Swedish children have been using tablets and digital means for a while now, but the government wants to scale back. (Photo by Martin von Krogh/Getty Images)


Sweden to cut use of screens in schools as reading standards suffer


Sweden’s education minister Lotta Edholm is taking action as Swedish children’s ability to read apparently deteriorates. The “reading crisis” is prompting her to demand less reliance upon the use of digital teaching aids during classes.

Digital tablets have been the norm for more than a decade in Swedish schools but the conservative government wants to return to traditional teaching methods. With the new school year beginning, school books are making a comeback.

The centre-right government is releasing the equivalent of €58 million this year so schools can buy new books. Next year, €44 million will be added. Each student is supposed to have one book per subject.

Edholm described the use of digital technology in Swedish schools as “experimentation” and said she was annoyed by “the uncritical attitude that carelessly regarded digitisation as a good thing, regardless of its content”, leading to the “casting aside” of textbooks, which she recalled had “advantages that no tablet can replace”.

Despite Swedish children being ranked third in the European Union for reading comprehension, the level has dropped.

According to the International Association for the Evaluation of Educational Achievement’s PIRLS (Progress in International Reading Literacy) ranking published earlier this year, the percentage of 10-year-olds with reading difficulties has risen from 12 per cent to 19 per cent in five years. Over the past five years, Swedish children’s reading comprehension skills had fallen from “high” to “intermediate”.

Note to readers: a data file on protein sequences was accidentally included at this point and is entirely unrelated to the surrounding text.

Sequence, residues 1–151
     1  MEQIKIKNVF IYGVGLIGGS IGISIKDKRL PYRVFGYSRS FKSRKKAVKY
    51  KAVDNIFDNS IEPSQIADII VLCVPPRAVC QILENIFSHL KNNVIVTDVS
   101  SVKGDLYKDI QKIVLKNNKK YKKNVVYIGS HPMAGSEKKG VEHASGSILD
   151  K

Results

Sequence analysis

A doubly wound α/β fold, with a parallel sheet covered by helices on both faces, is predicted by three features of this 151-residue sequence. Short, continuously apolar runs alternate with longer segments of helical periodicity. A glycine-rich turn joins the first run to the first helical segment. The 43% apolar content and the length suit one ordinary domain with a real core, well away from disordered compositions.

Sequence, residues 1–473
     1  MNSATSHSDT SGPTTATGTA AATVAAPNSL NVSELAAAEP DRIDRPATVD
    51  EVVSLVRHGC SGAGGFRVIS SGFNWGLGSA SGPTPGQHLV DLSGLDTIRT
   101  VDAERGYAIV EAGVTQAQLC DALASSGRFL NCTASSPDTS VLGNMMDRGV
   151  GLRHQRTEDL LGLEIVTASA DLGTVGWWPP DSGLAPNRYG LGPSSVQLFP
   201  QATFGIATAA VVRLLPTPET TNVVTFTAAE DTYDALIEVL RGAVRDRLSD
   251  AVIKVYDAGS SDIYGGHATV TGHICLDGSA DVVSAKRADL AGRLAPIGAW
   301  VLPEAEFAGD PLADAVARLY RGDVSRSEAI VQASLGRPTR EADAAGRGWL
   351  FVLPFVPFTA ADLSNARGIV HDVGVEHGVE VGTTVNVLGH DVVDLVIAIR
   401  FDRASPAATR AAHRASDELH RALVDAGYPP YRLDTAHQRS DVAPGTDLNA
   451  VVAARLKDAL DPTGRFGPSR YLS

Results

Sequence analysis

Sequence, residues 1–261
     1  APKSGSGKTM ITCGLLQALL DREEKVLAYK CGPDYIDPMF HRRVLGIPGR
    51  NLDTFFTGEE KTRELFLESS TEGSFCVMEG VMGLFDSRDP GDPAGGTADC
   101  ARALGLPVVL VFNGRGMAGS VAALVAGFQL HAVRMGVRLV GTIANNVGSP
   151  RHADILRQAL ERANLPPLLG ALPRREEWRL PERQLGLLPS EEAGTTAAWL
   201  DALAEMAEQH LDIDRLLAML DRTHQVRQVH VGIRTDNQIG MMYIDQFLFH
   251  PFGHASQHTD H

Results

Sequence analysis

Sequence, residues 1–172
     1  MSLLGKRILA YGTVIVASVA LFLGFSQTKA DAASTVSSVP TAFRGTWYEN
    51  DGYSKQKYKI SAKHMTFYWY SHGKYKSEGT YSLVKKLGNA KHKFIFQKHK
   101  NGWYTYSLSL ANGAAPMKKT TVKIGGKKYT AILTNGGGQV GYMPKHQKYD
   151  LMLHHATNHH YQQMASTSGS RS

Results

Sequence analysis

Sweden has looked at plans to actually ban books from schools in the past, with proponents stating that educational establishments “needed to embrace the future”. Sweden and Finland have for years now been seen as successful regarding education but standards have started slipping. As well as reading comprehension declining, science and maths skills are also on a downward trend.

In 2017, Sweden launched its National Digitalisation Strategy for the School System as part of a new Digital Strategy, in which the overall goal was for Sweden to be “the best in the world in the use of digitalisation opportunities”.

In December 2022, the National Agency for Education drafted a new national digitalisation strategy for the school system for 2023-2027.

Research indicates that media multitasking, such as mixing tablet use with in-class physical lessons, interferes with attention and working memory, negatively affecting grade-point averages, test performance, recall, reading comprehension, note-taking and self-regulation. These effects have been demonstrated during in-class activities (largely lectures) and while students are studying.

Alongside academic issues, Swedish newspaper Expressen wrote that, “According to the Public Health Report (2023), only 44 per cent of pre-schoolers reach the daily physical activity recommendation.”

It is claimed that accumulated scientific empirical data and proven experience show that young children best develop basic skills such as relationship skills, attention and concentration and later the ability to read, write and count through “analogue activities in analogue environments”.

Authorities indicate that children under two-years-old should not be exposed to screens at all and that it should be limited to no more than one to two hours a day for older children. The Swedish Paediatric Society has compared digitalisation for youngsters to learning to drive a car before learning to walk and ride a bike.

Others are more sceptical and say that banning screens and tablets might be counterproductive since digitalisation is increasingly prevalent outside the school environment.

Furthermore, experts acknowledge that it might be premature to assess the outcomes of reducing digital reliance, as there is no precedent of countries undertaking such measures and then thoroughly investigating the consequences.

Sweden’s school system has thrown up some notable figures including climate-activist Greta Thunberg. She led the international movement of school students who skipped Friday classes to participate in demonstrations to demand action from political leaders to prevent climate change.